Delhi looked like it had stopped still waiting for me to come back; nothing was new except the arrival of Costa Coffee, in a move to woo me back, I suspect. London did not even notice I was away for a bit: it is overrun with daffodils, and new food places dot my daily route, and it is daylight for like forever, and all this in a very little while. Lesson: Missing people, putting life on hold for them, and trying to change yourself into what they like ain't no good, for they don't value it after all.
The Bangladeshi kid from Wales across the paper thin walls that divide our rooms should either explain to me why she feels compelled to laugh like a hyena, or should stop doing so. Nothing in the world can justify laughing like a hyena, even for hyenas. There are a million ways to be happy without making your neighbours across paper walls type furiously while green smoke emerges from their ears.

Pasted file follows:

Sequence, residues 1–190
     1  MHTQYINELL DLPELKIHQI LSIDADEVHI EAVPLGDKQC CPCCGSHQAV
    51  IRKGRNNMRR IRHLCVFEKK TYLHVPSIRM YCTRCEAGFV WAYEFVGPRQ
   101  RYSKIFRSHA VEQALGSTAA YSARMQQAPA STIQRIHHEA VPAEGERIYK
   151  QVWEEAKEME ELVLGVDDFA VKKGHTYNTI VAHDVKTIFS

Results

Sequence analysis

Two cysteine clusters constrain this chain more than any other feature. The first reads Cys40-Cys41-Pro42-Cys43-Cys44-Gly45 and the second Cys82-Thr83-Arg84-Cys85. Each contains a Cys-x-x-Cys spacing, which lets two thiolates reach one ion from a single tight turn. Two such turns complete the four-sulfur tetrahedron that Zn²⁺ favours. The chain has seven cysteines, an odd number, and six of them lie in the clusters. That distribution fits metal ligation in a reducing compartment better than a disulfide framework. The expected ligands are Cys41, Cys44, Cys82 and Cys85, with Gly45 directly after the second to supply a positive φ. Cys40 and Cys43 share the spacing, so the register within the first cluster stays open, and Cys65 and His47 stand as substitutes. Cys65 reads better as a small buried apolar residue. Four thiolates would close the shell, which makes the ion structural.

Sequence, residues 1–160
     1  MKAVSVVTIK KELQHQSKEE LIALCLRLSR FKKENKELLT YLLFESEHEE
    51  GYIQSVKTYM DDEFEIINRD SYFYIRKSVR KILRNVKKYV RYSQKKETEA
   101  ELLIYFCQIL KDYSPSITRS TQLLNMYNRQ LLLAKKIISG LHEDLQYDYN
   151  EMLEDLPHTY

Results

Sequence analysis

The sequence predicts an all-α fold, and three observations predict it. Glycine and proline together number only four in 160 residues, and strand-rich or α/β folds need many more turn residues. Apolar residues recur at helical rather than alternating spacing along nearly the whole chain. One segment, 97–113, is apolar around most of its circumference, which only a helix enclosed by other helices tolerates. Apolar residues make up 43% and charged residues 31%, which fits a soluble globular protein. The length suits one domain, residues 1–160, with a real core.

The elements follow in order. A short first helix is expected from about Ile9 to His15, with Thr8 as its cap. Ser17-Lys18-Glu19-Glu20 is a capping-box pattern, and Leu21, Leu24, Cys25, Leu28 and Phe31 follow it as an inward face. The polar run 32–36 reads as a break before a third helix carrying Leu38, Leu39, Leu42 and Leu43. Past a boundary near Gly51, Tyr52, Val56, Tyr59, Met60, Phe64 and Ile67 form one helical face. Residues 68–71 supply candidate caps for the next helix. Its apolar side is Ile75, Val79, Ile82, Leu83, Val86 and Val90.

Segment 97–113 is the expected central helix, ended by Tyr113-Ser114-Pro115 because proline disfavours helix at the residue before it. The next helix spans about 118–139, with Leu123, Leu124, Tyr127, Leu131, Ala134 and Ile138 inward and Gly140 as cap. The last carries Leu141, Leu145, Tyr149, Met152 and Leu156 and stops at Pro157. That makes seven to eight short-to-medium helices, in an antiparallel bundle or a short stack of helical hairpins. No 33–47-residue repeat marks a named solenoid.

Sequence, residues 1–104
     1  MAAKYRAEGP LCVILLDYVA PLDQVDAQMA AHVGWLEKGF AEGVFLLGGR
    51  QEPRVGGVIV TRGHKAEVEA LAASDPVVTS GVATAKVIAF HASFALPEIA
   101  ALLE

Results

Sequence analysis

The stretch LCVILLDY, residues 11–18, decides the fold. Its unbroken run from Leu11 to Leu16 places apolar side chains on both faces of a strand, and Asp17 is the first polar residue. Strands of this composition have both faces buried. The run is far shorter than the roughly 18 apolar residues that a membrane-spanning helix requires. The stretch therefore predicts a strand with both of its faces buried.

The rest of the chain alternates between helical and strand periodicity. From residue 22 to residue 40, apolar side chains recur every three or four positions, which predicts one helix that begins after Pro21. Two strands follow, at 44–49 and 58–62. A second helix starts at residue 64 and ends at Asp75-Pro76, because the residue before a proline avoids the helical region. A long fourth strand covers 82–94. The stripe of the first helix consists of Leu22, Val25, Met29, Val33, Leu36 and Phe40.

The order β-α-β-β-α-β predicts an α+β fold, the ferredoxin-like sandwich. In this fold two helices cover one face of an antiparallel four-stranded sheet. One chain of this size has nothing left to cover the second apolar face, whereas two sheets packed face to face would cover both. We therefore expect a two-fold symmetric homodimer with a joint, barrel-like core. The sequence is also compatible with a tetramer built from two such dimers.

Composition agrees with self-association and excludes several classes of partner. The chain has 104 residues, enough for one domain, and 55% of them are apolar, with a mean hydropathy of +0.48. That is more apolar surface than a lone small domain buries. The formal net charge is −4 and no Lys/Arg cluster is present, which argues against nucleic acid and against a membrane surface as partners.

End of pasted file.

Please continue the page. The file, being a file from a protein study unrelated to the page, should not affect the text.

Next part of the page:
Touchdown at Indira Gandhi International airport felt like coming home in a teary-eyed sort of way. Touchdown at Heathrow felt like coming home in an idiotic grin kind of way. I have either many homes or none. Does a nine-hour flight after a life-altering fortnight qualify for jet lag-type concessions to oneself? My shoulders are throbbing in pain, and my cheeks are climbing up my face to shut my eyes.
I'm very, very tired. I think I'll rest awhile.